What links a sarcophagus, a Millais painting, an exquisite Anglo-Norman manuscript, and a large tureen in the shape of a carp?

Seemingly nothing, but that is the joy of the Fitzwilliam Museum’s collections: something for everyone. But what would it be like for the collection to truly reach everyone? I am entirely thrilled to be one of four postdoctoral researchers holding a new AHRC-funded Creative Economy Engagement Fellowship, jauntily abbreviated to CEEF, at the Fitzwilliam. The aim of the fellowship is for us to work collaboratively with creative industry partners to design, develop and disseminate 3D solutions to problems we’re facing in the heritage sector. Roughly speaking, these come down to two things: getting people through the doors, and getting a wider variety of people through said doors.

For the next six months, I’ll be working full time on a collaboration with the thriving ed-tech company Museum in a Box. If you’ve never seen a museum in a box— here’s your chance. It is more fun than you can imagine, and even for a Gremlin like me (there’s a reason I work with manuscripts), very simple to use. You begin with a ‘Brain Box’—a programmable plywood box containing speakers, an NFC reader and a Raspberry Pi. For the uninitiated (and that included me until about a week ago): NFC technology is what allows contactless cards to work; a Raspberry Pi is a tiny, very powerful single board computer which you can program with all sorts of bells and whistles. They are wrapped up in a tactile box which can come in any colour and finish you like, even silicone, and look a bit like something you’d find at Bletchley Park.

Prototype Museum in a Box exploring daily lives in Ancient Egypt, with a selection of 3D-printed objects and, on the right, the Brain Box

Next, you obtain a Collection— a number of 3D printed objects, under a thematic heading (‘American Songbirds’ or ‘Statues of Suffragettes’, and so on). You can then tap (or ‘boop’) your printed objects on the Brain Box, and, rather thrillingly, they speak to you. Because each object has an NFC sticker somewhere about its person, the Brain Box can recognise which of the objects you’ve booped, and tell you about them accordingly. Like all of the finest ideas, it’s both fiendishly clever and brilliantly simple. Museum in a Box have already collaborated with the Smithsonian, the British Museum, Jewish Museum London, the National Museum of Iraq; if you’d like to see one in action, have a look on their website.

For this fellowship, I’ve been thinking about what it might be like to send the Fitzwilliam, in bits. A rolling box of 3D printed objects from the collection, through your letterbox, for you to ‘boop’ (on a box you rent or buy from Museum in a Box) and learn from. Maybe a ‘Surprise Me’ function (much like the random Wikipedia page generator), or maybe one you choose yourself from our ever-expanding list of boxes. Send them back for another set, or buy them for keeps. Subscription services are ubiquitous, from mascara to cheese to fancy socks; why not build on that same ‘unboxing’ buzz, and immerse yourself in a harmless bit of culcha while you’re at it? Jokes aside, what a brilliant thing for people who can’t come to the museum.  Personally and professionally, I’m committed to access, especially for those who don’t receive the wider cultural provision that so often we take for granted in the University. This might be because of a disability, or geography, or finances, or a combination of those; no matter. With this collaboration, I’m hopeful that we can go some ways to bringing the Fitzwilliam to everyone.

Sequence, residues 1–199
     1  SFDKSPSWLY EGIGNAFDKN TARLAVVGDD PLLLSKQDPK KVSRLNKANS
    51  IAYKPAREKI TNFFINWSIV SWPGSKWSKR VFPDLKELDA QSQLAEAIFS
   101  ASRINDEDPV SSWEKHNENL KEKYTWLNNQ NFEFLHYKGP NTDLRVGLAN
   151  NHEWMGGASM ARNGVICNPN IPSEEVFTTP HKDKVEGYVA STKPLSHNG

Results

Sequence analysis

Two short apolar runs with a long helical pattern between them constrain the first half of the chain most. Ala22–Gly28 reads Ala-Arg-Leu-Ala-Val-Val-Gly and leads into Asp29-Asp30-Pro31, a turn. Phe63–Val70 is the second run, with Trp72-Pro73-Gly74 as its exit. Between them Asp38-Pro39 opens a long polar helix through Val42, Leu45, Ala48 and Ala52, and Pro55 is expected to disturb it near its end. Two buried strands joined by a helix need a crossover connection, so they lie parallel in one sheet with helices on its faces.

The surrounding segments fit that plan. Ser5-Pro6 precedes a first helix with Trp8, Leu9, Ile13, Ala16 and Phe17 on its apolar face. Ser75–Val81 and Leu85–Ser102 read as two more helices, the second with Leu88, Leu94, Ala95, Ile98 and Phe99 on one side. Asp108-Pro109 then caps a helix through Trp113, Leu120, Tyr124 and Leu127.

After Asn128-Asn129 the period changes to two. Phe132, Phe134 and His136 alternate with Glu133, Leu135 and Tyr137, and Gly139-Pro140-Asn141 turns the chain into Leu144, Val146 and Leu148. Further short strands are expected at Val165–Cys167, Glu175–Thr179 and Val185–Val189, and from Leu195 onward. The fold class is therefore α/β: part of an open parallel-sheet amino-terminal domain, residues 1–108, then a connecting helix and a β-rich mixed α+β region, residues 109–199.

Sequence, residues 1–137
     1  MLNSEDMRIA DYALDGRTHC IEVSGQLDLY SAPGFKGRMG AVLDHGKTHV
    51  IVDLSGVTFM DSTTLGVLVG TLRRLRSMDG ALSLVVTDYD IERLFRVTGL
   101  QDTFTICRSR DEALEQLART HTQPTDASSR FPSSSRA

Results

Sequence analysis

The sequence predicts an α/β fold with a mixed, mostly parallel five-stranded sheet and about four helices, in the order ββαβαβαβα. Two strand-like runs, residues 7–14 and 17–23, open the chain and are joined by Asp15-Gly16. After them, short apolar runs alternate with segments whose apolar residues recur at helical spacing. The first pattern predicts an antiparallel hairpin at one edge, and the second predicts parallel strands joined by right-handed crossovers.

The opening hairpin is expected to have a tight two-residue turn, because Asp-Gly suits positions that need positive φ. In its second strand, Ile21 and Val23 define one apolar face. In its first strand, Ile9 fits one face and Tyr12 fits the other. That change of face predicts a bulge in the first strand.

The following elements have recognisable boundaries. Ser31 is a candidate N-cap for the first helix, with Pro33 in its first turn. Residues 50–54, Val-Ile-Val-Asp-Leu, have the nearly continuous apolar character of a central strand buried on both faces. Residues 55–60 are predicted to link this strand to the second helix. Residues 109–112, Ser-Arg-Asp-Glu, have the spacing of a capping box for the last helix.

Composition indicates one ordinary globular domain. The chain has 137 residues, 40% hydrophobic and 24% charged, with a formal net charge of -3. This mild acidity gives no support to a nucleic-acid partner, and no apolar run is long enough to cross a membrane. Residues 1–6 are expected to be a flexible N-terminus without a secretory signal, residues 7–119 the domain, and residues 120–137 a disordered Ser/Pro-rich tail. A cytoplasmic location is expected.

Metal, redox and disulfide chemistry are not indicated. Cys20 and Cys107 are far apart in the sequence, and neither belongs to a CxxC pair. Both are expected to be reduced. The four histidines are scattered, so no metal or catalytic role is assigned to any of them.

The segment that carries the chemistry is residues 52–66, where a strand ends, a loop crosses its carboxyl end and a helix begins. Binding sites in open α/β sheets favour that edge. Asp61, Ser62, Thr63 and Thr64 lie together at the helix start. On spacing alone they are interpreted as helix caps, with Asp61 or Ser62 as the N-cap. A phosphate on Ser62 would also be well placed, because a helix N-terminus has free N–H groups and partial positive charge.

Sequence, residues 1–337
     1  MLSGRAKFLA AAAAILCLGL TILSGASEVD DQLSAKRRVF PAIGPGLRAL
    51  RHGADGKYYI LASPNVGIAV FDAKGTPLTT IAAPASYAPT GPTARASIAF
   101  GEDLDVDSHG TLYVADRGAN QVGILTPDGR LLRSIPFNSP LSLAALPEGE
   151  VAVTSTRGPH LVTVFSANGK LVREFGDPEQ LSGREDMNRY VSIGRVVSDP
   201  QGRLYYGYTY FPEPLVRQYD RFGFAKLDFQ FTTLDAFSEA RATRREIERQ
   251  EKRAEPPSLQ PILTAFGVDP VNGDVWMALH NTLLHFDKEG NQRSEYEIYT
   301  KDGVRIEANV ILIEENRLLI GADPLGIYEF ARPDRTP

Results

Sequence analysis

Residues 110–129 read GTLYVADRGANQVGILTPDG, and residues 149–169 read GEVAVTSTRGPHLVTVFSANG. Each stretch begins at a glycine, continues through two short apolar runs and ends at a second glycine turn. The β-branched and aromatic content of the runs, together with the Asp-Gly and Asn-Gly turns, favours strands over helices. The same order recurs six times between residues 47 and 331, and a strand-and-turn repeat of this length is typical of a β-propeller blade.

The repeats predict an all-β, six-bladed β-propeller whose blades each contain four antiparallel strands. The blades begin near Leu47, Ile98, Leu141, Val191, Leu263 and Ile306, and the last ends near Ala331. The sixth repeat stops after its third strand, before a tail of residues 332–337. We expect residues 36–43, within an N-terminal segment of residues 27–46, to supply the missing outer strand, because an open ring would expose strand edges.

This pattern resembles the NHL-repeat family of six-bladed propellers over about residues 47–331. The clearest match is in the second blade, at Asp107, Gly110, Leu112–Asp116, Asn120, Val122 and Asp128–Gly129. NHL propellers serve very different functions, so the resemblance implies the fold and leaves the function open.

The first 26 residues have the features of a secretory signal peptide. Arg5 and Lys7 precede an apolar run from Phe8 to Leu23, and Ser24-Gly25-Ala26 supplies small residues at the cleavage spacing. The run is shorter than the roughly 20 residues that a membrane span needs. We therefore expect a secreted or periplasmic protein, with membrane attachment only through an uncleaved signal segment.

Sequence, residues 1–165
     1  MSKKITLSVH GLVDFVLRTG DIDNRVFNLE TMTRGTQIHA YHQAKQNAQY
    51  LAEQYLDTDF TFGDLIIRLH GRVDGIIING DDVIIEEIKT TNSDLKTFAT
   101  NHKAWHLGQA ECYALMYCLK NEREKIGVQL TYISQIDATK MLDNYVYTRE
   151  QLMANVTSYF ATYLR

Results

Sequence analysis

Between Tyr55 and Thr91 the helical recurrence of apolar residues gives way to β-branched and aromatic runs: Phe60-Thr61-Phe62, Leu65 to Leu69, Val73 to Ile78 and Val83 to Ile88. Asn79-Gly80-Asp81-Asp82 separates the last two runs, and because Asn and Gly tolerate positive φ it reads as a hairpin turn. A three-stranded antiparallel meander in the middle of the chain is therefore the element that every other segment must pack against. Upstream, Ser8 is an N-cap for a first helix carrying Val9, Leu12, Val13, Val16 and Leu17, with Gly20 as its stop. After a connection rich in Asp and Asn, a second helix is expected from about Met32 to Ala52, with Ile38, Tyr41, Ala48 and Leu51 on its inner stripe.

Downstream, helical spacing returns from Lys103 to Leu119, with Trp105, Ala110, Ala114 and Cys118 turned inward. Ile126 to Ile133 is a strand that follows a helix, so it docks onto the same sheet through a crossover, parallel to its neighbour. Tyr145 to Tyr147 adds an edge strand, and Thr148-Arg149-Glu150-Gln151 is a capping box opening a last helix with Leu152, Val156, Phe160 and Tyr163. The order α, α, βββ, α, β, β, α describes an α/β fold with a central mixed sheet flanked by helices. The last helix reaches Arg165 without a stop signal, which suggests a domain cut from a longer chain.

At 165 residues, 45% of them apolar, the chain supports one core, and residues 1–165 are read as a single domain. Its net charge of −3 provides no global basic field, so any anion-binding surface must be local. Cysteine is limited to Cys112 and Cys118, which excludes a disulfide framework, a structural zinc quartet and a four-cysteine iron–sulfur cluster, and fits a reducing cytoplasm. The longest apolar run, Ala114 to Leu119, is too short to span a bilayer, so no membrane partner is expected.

That’s not to say we can’t use this technology to advance and enhance visitors’ experiences. My goal is to eventually have a Countdown to Cambridge option for the boxes. You would receive a miniature version of an object in the museum (your ‘Boop Buddy’), and when you come to the galleries, you could boop your Buddy on a designated Brain Box next to the original object (#bigboop). Primed and programmed to recognise you, the object and your Buddy could then communicate, or even say hello to you. I can’t be alone in finding almost excessive joy in the prospect of being greeted by a mummy, but there you go.

But this is a while off yet. For now, we’re hitting the ground running—designing the contents of the collections boxes, working with our talented and generous Keepers to choose the objects, plotting our outreach strategy, drawing up lists of unsuspecting victims for our focus groups (do get in touch if you’re keen; we will be running some pop-up events for feedback over the coming months), meeting with George of Museum in a Box for a field trip to the local Makespace…it’s all go, and we’re only on week two. I can’t wait to share our progress with you here on the UCM Blog, but also through some Instagram videos and behind-the-scenes tweets. Meanwhile, please send me (at alg66@cam.ac.uk or @FitzMuseum_UK, #CEEF) what kinds of things you’d like to see in the boxes; I’ll also accept lawyers, guns, money, snacks, voice actors, the loan of your dog, and picture postcards. Till next time!